LogMeIn on your iPhone – I swear by LogMeIn. It’s a free app to remote control any of your computers anywhere. Now they’ve got an iPhone client so you can control your computers from your iPhone, but at $30, hmmm. Not too sure about that.
There’s a new SQL Server exploit running around, and Denis Gobo’s done a fantastic job of covering it:
So you’re sitting in the office on a short holiday week and you don’t really want to do any work. Here’s what you do: pull up this webcast archive, put on the headphones, and tell people you’re in online training.
A little background about the webcast – a couple of weeks ago, I virtually sat down with these SQLServerPedia editors:
- Denny Cherry, Performance Tuning Editor
- Douglas McDowell, Business Intelligence Editor
- Greg Low, Architecture & Configuration Editor
- Jason Massie, T-SQL Code Library Editor
- Tim Ford, Database Administration Editor
We talked about what we were doing with the site. We talked about the writing process, how users can edit pages, and name-dropped Tjay Belt.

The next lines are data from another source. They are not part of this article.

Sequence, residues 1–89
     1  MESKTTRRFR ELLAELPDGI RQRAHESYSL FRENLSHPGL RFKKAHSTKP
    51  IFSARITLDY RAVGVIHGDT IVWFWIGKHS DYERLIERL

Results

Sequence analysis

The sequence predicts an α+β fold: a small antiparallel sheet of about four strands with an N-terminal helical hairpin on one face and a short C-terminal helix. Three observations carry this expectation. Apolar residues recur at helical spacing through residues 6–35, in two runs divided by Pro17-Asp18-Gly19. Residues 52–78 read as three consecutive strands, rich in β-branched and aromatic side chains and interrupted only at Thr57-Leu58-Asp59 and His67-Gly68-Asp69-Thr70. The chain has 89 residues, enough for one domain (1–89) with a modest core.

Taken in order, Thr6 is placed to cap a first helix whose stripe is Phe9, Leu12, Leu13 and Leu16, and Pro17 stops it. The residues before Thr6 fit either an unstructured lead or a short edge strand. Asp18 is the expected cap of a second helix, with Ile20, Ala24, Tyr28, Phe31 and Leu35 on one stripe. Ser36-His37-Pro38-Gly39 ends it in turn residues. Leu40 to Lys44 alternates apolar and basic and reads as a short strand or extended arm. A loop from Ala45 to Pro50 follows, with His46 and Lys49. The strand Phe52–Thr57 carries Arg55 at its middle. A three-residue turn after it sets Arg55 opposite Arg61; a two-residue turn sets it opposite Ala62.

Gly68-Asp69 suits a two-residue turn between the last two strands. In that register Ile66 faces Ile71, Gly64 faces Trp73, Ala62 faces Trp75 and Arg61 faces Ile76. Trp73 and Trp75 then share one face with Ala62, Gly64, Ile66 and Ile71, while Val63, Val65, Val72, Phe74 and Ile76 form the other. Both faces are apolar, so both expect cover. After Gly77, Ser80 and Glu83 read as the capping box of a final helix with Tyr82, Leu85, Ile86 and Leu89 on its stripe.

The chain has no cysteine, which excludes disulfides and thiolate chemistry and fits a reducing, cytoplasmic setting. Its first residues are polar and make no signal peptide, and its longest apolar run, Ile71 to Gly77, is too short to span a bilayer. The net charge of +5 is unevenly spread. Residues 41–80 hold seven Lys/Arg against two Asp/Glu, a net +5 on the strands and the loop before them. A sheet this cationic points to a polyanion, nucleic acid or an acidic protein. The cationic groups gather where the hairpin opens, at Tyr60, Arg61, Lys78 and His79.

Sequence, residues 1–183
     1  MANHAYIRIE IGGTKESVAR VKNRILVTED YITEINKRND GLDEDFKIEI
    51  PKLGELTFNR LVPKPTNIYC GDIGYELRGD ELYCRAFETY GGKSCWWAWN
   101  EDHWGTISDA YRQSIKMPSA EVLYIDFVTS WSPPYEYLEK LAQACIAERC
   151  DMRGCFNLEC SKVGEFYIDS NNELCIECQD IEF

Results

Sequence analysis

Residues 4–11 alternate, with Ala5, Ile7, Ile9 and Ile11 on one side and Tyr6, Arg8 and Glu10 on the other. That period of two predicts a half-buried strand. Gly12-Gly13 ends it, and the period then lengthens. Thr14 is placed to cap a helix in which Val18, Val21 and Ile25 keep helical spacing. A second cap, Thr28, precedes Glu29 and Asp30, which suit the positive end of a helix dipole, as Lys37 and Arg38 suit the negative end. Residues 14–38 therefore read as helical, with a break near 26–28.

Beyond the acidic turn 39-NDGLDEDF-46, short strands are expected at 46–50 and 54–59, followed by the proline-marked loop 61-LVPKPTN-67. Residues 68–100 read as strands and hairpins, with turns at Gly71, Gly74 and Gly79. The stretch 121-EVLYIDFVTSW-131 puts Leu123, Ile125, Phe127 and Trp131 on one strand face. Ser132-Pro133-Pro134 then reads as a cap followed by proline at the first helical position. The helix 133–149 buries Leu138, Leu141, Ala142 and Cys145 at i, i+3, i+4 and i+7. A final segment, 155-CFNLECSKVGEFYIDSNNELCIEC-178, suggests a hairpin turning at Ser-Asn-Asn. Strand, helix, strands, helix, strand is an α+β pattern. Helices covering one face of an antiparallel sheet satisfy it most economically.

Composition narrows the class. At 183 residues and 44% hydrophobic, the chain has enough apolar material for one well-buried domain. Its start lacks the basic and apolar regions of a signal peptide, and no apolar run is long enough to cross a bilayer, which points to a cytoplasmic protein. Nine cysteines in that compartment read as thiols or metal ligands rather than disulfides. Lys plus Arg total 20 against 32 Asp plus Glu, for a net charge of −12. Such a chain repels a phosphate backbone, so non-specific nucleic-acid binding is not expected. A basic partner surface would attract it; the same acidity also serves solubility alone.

and I was hunched over my trusty, battered Macbook Pro, sipping whiskey by the backlit keys when the email came in. I got worried as soon I saw the sender, because Big Jimmy May is what they call a “Performance Consultant”. Before I even opened the email, I called my bookie to make sure my checks had all cleared. I’ve only got two kneecaps, and they’re already bad enough just from poundin’ the street looking for info. Thankfully, I was in the clear, so I read the email.
Jimmy said a fella by the name of Christian Bolton was knocking on doors looking for help with a particularly nasty job: exposing the dark, hidden secrets of SQL Server engine internals. To make matters worse, Christian wanted to combine two of my least favorite words: trouble and shooting. Jimmy would have taken the case himself, but he had a job he had to handle in Turkey, and you know how those Turkish jobs go.